CANA, VA. — For Billie Hiatt, Saturday’s event was more about a day with family than anything else.
Members of the Mount Bethel Moravian Church gathered in the church’s fellowship hall Saturday morning to sit down to a traditional country breakfast to celebrate the 160th anniversary of what pastor Charlie Fishel called “just an old country church.”
Mount Bethel Moravian Church was founded on Nov. 24, 1852, and has been in continuous service to the Cana, Va., area and surrounding communities for 160 years.
It is a legacy not lost on Fishel.
“Being a pastor of a church this old you feel a sense of history,” he said from the subdued-yet-ornate sanctuary Saturday morning. “You’re in awe of the legacy of those who’ve gone before. I feel a duty and a responsibility to do my best.”
Fishel noted that several other Moravian churches in the area, including Mount Airy’s Grace Moravian Church, sprang from the Cana congregation.
“Grace Moravian, Crooked Oak and Willow Hill all came from this church,” Fishel said. “I guess you could say this church holds the roots of the Moravian religion in this area. I know it’s the oldest Moravian church in the region.”
And he should know.
While Fishel has only been serving the Cana flock for four years, he’s been a Moravian minister for more than four decades, including an 11-year stint as pastor at Grace Moravian.
For Hiatt, the church is simply home.
Hiatt, 79, has been the church’s pianist for nearly seven decades, after playing her first service when she was 12 years old.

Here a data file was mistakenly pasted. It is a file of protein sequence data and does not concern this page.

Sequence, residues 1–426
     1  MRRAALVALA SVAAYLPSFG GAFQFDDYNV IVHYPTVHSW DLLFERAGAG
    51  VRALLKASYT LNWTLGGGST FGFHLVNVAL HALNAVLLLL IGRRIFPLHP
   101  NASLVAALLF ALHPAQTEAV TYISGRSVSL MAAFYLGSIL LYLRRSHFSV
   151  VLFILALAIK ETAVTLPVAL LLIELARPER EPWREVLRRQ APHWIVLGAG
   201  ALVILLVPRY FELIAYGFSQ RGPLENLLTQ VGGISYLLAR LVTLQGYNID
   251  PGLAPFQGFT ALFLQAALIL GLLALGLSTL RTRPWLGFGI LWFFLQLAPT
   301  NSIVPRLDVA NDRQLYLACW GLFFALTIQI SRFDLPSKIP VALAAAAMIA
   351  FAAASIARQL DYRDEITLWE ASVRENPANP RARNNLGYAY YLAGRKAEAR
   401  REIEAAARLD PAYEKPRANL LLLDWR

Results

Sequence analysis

“To me, this church is just my life, I guess,” she said Saturday. “I’ve been here all my life and everyone in this church is family. A lot of the same people are here and we’ve known each other all our lives.”
Sitting in the sanctuary surrounded by hand-carved wood and old white pine flooring, she noted that her wedding was the first one performed in the room.
“It was 1952,” she said, looking around the room. “Since then, all of my children have been married here. That’s something you just can’t replace.”
Hiatt credits the success of the church to its service to the community.
“This is a good place, and a center for fellowship and spiritual life in the community,” she said.
And the church has become more than a place to worship on Sunday morning.
“I think this church is a big thing in this community,” Hiatt said. “It’s always been here, and is pretty much the centerpiece of the community in this area.”
“It’s been here so long there’s a certain sense of security when you walk in these doors,” he said.
And that’s just the way it should be, according to Fishel and Hiatt.
“That’s its mission, to serve the community,” the long-time parishioner said, “to be a witness for our Lord and Savior Jesus Christ.”
“We’re concerned with the needs of the people here,” he said. “It’s important for this church to be a witness to the community for our Lord, and be a place where people can be nurtured in their spiritual life.
“Our mission is to grow and live and serve the Lord,” Fishel added.
But the significance of the occasion wasn’t lost on the minister.
“Just think of the number of people who’ve been blessed in this room,” he said, looking around the quiet sanctuary. “Just think about all the people who’ve accepted the Lord here. All the baptisms, all the weddings.
“Think of all the blessings that have happened right here.”
Reach Keith Strange at email@example.com or 719-1929.